Have a BYOC afternoon- bring your own craft afternoon program. Take an afternoon sometime during the week, and have everyone bring something that they’ve been working on, or want to learn. I want to learn Rainbow Loom bracelets but I know cross-stitching, beading, and crochet. I can bring my stuff from home, someone else can create with the duct tape, someone can create with beads, someone can bring their rainbow loom, and while we watch a movie or listen to music, we can craft and create and have a wonderful afternoon just being.

      What are you doing for Teen Tech Week? Share in the comments!

      DIY with Quirk Books

      I am crafty.  Well, I sometimes pretend to be crafty.  Well, actually, I think about being crafty.  Occasionally, I attempt being crafty.  And as a librarian, I *do* end up doing a lot of crafts with tweens and teens in the library.  So I am all about crafts, even when my execution leaves a little to be desired.  But one of my favorite places to find craft ideas is Quirk Books – not just the books themselves, but also their website.  They will often have a lot of fun craft ideas in books and on their website.  Here are a few of my favorites.  And remember, always check the website.

      Some of the Quirk Books crafting titles include Craft-A-Day (which sounds super ambitious and is full of ideas that can easily be incorporated into library programming and, you know, doing stuff at home), Microcrafts (tiny crafts, which would be a great thing to do with your Tiny Food Party) and Crafting with Cat Hair (someone I trust on Twitter assured me this was a really cute book).  My fave 5 craft books or website ideas are . . .

      1) Holiday Decor

      It’s obviously the time of year for holiday decor. And I love crafts made out of book pages.  Because words.  Words make me happy. Here are a few ideas of things you can make out of book pages, my favorite being the bow.

      2) Pom-Poms

      I don’t know about you, but my craft supply closet is oddly full of miscellaneous pom pom balls.  I inherited them and never know what to do with them.  But look, someone wrote an entire book about it! Full of cuteness.  I mean look at that cover – hedgehogs.

      3)Homemade Quirk DIY Sampler Volume 1

      Quirk Books actually has a free sampler that you can download with a variety of projects from their various books.  The Bottled Potions from Witch Craft would be fun for Halloween or, of course, for a party celebrating everyone’s favorite wizard. You know I mean Harry Potter there, right?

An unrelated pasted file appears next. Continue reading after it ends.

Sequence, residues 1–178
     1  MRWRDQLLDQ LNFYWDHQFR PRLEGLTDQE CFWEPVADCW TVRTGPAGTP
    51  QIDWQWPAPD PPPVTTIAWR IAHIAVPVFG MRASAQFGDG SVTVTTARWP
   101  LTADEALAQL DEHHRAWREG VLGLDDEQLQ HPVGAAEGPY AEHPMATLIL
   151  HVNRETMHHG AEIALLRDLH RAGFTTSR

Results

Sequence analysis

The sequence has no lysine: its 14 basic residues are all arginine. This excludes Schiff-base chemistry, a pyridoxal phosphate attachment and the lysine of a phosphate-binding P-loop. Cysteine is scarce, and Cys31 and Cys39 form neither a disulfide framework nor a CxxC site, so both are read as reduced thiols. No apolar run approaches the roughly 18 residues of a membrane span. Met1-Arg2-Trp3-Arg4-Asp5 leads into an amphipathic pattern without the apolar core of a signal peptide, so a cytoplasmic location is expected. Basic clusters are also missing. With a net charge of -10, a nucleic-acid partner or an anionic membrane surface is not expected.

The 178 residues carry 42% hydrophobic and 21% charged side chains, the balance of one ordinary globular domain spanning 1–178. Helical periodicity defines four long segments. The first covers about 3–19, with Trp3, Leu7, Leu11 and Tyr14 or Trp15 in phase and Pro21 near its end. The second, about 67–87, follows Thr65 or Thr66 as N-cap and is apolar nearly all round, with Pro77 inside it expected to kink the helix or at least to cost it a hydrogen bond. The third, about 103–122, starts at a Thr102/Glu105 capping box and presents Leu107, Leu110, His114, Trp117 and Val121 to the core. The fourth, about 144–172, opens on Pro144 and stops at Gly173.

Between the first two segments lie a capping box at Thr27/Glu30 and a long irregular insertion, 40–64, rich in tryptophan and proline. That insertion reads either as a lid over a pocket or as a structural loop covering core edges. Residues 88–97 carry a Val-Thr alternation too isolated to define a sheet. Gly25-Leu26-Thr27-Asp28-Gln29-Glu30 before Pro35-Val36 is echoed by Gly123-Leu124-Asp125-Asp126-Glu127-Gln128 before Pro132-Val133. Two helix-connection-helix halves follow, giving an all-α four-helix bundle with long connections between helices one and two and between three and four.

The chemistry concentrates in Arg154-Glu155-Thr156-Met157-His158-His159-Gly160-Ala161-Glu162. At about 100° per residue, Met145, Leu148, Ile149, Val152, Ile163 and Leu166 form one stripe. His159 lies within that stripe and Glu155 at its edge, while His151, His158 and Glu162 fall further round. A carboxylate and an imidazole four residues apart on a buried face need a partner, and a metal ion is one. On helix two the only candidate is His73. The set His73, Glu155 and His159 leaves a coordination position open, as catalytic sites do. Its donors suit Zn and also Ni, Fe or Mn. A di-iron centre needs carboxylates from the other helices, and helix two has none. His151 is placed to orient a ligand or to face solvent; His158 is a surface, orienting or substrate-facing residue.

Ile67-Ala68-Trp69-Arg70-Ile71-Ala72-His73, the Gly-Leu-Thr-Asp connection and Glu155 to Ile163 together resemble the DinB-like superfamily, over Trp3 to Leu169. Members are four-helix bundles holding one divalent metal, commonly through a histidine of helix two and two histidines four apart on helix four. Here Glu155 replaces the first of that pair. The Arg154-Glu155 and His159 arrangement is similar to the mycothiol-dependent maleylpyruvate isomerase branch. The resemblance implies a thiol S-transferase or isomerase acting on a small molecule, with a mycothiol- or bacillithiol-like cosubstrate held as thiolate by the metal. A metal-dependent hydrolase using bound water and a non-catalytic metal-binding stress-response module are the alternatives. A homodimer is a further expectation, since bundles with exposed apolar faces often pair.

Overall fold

4) Literary Paper Turkey Hands

      Apparently one day at the Quirk Books office everyone decided to make literary turkey hands.  You know, where you make an outline of your hand and then turn it into a turkey – except they gave it a little tweak and added the literary flair.  This is a pretty epic idea and I want to do this next year to decorate the library walls.

      5) Creepy Cute Crochet

      As I was looking at this book, one of my fave teen patrons came into the library.  She apparently knows how to crochet and she loved the ideas in this title.  I asked her to teach me to crochet so I can make them.  They include things like zombies and aliens.  I want to crochet zombies and aliens! And the color and photos of this book are just glorious. As a side note, I totally think I just got this teen to agree to do a crochet program for me at the library.  So today was full of win.

      As part of Quirk Books Week, Quirk Books has generously donated a prize package for one lucky winner that will include 2 of the above cookbooks, a copy of Miss Peregrine’s Home for Peculiar Children by Ransom Riggs, the first book of the Lovecraft Middle School series, and a copy of William Shakespeare’s Star Wars. I’ve tried to give you as many ways as possible to enter so pick the one (or ones) that work best for you and do the Rafflecopter thingy below.  The giveaway closes on Saturday, December 14th and is open to U.S. Residents.  The books will be sent to you from Quirk Books and they are worth it.